When it comes to the hiring manager – recruiter relationship,
the word “satisfactory” doesn’t usually come to mind. For both parties, this connection is often a source of contention, frustration, and miscommunication. On the one hand, hiring managers sometimes view recruiters as paper pushers; on the other hand, recruiters view hiring managers as having unreasonable expectations.
What is one to do about these less-than-ideal circumstances?
The most imperative factor in any relationship is communication. The hiring manager – recruiter relationship often lacks this vital aspect.
In order to improve communication and set correct
expectations, recruiters must do the following:
- Ask the Right Questions: When the hiring manager presents an open job requisition and describes the qualifications, recruiters must clarify these expectations to the best of their ability. Asking the hiring manager to rank these qualifications from most important to least important is a great start; after all, it is very unlikely that one candidate will possess everything on this list. Prioritizing skills and experience in this way will provide insight into the hiring manager’s vision for the position and increase the chances of satisfying him or her.
- Communicate Often: In addition to the quality of communication between hiring managers and recruiters, the frequency of communication is quite influential. Keeping the hiring manager updated on developments within the recruiting process builds a sense of trust on his or her part. This requires in-person meetings and phone updates rather than the impersonal e-mail updates.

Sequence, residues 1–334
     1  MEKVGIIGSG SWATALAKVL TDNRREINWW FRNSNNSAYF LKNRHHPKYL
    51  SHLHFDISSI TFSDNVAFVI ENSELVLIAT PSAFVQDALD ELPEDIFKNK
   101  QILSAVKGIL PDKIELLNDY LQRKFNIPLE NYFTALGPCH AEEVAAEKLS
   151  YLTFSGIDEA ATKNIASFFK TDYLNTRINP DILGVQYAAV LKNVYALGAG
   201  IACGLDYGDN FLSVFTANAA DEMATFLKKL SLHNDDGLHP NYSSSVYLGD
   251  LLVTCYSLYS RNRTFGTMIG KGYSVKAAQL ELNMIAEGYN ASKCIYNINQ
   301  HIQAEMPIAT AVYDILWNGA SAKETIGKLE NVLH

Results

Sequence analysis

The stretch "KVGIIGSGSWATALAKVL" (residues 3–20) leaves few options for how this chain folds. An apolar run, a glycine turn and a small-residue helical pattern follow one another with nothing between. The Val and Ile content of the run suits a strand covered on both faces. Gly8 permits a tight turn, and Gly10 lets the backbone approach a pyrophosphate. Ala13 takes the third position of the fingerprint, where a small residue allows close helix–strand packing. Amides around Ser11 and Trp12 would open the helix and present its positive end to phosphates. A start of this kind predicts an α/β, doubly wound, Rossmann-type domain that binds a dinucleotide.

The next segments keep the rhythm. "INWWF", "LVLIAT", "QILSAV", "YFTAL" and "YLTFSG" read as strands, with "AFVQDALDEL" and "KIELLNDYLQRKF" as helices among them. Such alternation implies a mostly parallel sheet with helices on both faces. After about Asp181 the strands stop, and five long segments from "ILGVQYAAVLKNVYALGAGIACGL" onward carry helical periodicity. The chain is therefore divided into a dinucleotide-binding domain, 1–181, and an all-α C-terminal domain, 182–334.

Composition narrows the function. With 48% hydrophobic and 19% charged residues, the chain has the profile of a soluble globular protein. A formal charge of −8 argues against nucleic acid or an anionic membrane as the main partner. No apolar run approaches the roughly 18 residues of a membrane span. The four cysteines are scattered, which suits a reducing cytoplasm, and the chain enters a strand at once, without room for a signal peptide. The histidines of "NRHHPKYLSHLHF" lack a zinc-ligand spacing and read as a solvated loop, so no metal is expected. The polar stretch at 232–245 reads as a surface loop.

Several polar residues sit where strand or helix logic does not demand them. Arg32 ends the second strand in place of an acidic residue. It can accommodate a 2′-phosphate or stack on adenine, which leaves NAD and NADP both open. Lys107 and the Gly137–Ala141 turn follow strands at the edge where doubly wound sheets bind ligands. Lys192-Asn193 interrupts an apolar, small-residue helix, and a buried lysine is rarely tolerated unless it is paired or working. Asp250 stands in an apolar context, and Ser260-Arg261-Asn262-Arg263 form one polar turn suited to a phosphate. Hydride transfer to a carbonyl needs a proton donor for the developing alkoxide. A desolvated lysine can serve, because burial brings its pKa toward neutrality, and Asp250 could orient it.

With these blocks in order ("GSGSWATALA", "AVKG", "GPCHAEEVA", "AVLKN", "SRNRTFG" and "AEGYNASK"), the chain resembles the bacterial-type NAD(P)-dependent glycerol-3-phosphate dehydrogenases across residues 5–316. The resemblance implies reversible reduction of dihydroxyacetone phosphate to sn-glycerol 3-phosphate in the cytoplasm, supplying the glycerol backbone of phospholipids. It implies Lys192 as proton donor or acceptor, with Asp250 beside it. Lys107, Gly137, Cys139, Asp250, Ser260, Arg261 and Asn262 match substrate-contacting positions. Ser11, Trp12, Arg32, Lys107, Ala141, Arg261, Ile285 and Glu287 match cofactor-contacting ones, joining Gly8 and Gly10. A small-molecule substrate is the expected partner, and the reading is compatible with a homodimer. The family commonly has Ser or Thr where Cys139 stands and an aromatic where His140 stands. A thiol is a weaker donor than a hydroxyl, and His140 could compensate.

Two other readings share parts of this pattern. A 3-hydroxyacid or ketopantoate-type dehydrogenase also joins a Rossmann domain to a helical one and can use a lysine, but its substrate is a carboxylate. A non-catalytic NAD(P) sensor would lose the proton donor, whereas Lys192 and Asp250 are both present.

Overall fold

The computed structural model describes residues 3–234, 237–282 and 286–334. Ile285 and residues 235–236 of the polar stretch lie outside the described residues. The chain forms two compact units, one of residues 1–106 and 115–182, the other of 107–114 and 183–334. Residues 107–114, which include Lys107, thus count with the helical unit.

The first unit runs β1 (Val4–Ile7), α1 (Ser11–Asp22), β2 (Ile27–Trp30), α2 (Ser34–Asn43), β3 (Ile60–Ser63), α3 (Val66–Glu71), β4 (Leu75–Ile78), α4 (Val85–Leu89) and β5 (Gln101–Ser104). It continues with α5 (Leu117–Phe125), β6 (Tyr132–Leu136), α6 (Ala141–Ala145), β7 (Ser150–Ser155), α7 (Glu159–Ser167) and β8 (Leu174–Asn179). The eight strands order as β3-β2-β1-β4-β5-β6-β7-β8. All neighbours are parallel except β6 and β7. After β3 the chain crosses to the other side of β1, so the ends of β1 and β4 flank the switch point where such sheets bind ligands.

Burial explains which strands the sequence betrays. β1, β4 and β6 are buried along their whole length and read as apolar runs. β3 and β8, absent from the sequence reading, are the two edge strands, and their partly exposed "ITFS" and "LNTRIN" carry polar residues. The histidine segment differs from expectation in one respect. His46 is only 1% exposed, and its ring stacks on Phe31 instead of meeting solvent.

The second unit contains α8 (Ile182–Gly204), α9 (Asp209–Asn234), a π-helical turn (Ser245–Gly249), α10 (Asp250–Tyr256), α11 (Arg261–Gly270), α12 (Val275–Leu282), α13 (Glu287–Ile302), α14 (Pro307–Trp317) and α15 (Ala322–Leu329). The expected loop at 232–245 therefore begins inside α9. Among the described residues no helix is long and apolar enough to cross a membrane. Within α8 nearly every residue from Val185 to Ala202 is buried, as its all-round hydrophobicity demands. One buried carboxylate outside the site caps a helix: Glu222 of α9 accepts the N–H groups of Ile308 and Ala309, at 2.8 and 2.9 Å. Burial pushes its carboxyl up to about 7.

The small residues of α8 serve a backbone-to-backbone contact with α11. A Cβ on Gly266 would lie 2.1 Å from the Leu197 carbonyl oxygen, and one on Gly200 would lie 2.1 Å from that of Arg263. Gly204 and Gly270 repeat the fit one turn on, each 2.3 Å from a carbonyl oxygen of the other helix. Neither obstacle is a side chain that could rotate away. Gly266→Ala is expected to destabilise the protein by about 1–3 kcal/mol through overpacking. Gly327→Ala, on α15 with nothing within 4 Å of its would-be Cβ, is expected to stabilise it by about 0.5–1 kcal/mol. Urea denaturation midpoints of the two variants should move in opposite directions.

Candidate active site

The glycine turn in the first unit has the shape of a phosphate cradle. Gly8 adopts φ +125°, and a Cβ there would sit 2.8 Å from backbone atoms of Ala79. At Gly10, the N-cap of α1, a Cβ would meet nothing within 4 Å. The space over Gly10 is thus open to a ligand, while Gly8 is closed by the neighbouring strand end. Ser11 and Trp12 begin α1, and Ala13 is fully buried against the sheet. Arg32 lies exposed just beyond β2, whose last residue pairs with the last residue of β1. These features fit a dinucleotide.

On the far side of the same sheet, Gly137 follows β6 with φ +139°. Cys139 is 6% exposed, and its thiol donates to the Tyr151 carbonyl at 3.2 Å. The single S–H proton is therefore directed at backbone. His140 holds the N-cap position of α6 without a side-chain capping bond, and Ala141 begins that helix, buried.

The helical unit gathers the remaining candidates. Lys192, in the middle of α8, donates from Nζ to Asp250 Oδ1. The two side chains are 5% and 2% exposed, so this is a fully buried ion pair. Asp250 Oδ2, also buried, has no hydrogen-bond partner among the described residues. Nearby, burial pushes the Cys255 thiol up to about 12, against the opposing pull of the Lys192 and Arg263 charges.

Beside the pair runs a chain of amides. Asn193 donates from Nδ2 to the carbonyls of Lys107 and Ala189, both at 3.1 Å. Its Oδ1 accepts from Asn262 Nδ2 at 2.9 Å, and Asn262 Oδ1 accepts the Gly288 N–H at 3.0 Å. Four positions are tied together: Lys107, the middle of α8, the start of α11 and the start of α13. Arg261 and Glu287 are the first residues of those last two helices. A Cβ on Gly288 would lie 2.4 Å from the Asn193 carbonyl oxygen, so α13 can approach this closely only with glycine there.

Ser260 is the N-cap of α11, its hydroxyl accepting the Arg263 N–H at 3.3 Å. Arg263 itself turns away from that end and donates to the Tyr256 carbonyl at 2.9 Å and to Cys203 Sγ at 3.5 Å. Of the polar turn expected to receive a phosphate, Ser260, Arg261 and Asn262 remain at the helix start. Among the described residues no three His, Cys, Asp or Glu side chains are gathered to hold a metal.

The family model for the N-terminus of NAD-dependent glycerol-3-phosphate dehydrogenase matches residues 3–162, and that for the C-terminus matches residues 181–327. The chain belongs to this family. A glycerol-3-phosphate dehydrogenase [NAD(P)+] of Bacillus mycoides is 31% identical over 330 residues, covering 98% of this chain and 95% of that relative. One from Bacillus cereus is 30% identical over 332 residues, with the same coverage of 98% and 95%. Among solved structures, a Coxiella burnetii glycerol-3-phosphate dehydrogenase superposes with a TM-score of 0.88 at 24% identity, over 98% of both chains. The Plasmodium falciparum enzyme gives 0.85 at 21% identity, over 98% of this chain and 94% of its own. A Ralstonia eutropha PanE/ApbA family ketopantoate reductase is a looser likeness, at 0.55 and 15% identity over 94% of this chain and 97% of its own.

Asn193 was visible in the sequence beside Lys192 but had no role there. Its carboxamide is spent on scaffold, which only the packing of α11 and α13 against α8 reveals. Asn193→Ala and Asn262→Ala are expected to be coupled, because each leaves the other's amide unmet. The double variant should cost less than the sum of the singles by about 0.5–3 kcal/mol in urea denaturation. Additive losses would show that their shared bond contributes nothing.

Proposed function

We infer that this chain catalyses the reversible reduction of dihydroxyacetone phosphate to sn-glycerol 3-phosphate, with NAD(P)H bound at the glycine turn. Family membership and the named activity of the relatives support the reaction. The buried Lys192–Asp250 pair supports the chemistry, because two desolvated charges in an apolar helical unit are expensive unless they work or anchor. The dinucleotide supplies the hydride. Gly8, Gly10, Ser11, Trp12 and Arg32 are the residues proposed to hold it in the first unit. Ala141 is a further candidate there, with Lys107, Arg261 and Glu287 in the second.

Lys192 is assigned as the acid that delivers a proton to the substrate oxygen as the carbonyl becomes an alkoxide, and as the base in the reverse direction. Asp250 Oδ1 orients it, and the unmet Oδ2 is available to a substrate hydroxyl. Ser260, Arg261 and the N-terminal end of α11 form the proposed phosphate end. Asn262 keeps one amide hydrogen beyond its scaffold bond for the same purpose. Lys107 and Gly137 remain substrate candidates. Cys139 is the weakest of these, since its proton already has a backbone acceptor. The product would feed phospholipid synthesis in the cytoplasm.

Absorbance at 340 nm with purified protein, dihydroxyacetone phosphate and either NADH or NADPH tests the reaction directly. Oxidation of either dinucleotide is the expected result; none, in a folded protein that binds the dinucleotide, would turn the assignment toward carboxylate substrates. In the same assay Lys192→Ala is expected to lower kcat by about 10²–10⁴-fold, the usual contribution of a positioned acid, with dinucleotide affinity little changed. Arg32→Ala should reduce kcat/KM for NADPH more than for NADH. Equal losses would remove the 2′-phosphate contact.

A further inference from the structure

While communication remains imperative to the hiring manager – recruiter relationship, it is no less consequential within the recruiter – candidate relationship. As the other half of the recruiting lifecycle, managing candidates requires special care and attention. In order to nurture this relationship, consider the following:
- Building a Relationship: When it comes to selling a position to a candidate,
building a relationship is the most efficient route. Inquire about the previous experience, skills, goals, and priorities of the candidate via in-person meetings and phone conversations. Discover what the candidate likes and dislikes about his/her current job, and use this information to promote the open position. In essence, more information leads to a smoother, more proficient process.
- Consistent Updates: For the candidate, nothing is more frustrating than a lack of communication. Approaching a candidate, asking him or her for an application or resume, and then never speaking to him or her again is the ultimate insult. Keep the candidate updated on interviews and hiring manager feedback, even if the results are negative, so that the candidate will not lose interest. If he or she is not constantly engaged, it is quite likely that the candidate will seek another offer.
Maintaining relationships at both ends of the spectrum- with hiring managers and candidates- requires consistent effort and courteous interactions. In order to maximize the benefits of each relationship, recruiters can begin to master the art of effective communication. Nurturing these relationships are likely to create happy hiring managers and happy candidates; together, these create a happy recruiter.